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Why Long Distance Care Isn’t Ideal for Someone with Alzheimer’s

Alzheimer’s Care in Philadelphia PA

Alzheimer's CareSome people may assume they can do a decent enough job helping to support a loved one as they get older. Some of those individuals may assume being a long-distance caregiver is fine, even for an aging parent or other loved one who has recently been diagnosed with Alzheimer’s.

That’s not a reasonable assumption. In fact, it could actually be a dangerous one.

When somebody has been diagnosed with Alzheimer’s disease, they will experience a wide range of symptoms as the years progress. At first, it may seem reasonable enough that a phone call every day is ample to provide support that senior needs.

That family member who may live on the other side of the country could call and check in with this senior. They can ask them, “Did you take your medication?” They could remind them when it’s time to take certain medications. They can check to make sure they’re not having trouble with anything in particular at that very moment.

Some long-distance caregivers assume they can call a neighbor or close friend in the event their loved one needs physical support or assistance. “Can you just swing over there and check in on them?” The long-distance caregiver may say. “Haven’t been able to get a hold of him, and I just want to make sure he’s safe.”

Imagine the stress and anxiety that will develop over time, not just on the long-distance caregiver when he or she can’t get a hold of their elderly loved one, but those friends and neighbors who are constantly being called to provide support and assistance. They didn’t sign up for this. They may be more than willing to help out, but they have a life and other responsibilities as well. They simply can’t be there all the time to offer the support the senior needs.

What about the elderly individual who has been diagnosed with Alzheimer’s? As their memories become more fleeting, they could try cooking something, walk away, and completely forget the stove is on. They could head outside thinking they need to let their dog in, but the dog doesn’t answer. They leave the house to go search for their dog, not realizing they haven’t had a dog and more than 20 or 30 years.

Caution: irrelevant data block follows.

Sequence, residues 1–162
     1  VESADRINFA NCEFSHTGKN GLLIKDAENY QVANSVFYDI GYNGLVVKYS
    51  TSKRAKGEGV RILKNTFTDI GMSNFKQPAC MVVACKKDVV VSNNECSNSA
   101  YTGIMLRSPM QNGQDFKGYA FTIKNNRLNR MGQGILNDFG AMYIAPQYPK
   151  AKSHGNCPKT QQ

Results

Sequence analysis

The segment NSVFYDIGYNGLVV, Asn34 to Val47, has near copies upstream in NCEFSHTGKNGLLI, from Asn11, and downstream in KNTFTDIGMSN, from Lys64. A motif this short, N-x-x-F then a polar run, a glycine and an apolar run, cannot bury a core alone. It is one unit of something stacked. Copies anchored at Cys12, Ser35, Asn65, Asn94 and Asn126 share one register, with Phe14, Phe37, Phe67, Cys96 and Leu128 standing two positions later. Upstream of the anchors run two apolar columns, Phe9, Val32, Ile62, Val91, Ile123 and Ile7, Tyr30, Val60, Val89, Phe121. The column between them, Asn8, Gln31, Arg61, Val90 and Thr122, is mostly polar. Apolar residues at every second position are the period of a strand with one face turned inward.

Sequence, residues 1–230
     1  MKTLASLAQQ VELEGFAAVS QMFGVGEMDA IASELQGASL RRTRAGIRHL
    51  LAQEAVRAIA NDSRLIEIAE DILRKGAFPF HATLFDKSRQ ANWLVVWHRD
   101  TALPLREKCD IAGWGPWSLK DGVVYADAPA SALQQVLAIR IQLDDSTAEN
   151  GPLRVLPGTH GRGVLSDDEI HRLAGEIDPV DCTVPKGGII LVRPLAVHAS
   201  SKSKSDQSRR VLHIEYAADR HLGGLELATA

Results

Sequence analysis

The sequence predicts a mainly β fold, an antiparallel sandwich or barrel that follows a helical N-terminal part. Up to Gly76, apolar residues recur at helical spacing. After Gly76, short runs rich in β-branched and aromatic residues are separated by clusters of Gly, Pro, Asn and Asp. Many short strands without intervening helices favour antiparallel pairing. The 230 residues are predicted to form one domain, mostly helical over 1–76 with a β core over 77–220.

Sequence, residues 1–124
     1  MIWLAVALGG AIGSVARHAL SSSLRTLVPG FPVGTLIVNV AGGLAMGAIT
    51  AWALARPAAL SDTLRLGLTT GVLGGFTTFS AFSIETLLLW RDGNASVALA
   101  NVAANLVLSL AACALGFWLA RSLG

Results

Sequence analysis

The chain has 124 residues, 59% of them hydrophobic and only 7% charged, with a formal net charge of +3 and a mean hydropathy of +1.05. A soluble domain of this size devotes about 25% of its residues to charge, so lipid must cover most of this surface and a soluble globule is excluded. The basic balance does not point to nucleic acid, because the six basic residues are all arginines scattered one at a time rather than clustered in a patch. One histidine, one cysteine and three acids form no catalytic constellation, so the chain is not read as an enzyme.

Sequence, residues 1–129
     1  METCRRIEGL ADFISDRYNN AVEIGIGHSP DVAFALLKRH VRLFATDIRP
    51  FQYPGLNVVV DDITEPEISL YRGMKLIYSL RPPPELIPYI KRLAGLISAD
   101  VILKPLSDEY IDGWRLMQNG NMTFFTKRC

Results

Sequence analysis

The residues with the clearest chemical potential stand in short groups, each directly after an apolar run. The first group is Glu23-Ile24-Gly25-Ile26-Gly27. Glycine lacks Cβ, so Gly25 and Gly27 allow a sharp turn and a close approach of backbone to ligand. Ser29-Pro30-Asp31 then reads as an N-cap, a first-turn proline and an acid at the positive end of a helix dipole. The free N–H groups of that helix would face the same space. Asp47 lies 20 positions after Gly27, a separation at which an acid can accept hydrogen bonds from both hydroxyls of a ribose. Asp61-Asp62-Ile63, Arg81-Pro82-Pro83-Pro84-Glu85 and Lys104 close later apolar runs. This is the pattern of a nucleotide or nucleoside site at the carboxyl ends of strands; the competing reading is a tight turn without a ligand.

Being a long-distance caregiver may seem reasonable in some specific situations, but not when a person has been diagnosed with Alzheimer’s. They deserve direct care and assistance, and it’s best to get started with professional, experienced care as soon as possible.

If you or an aging loved-one are considering in-home senior care in Philadelphia, PA, please contact the caring staff at Assisting Hands of Central Philadelphia. 215-882-8234.

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Renato Amorim

President & Co-Owner at Assisting Hands Home Care
Renato Amorim, president of Assisting Hands Home Care operations in Philadelphia and Bucks County, Pennsylvania, has worked for the past twenty years in government and international business, where he had the opportunity to carry out investment and business-development projects in all continents. He has managed teams of professionals spread over several countries in pharmaceutical and mining multinational companies.

Prior to joining Assisting Hands, Renato headed Merck’s public policy and corporate responsibility team in Latin America. In 2007, the World Economic Forum granted him the Young Global Leader award, as a recognition for his work on international trade advocacy.

After a series of family health challenges, including severe cases of cancer and dementia, Renato decided to shift his career toward more direct, personal and closer involvement with home- and family-health needs. In the Assisting Hands franchise system, he found the right balance between professional fulfillment and the delivery of compassionate services to the community.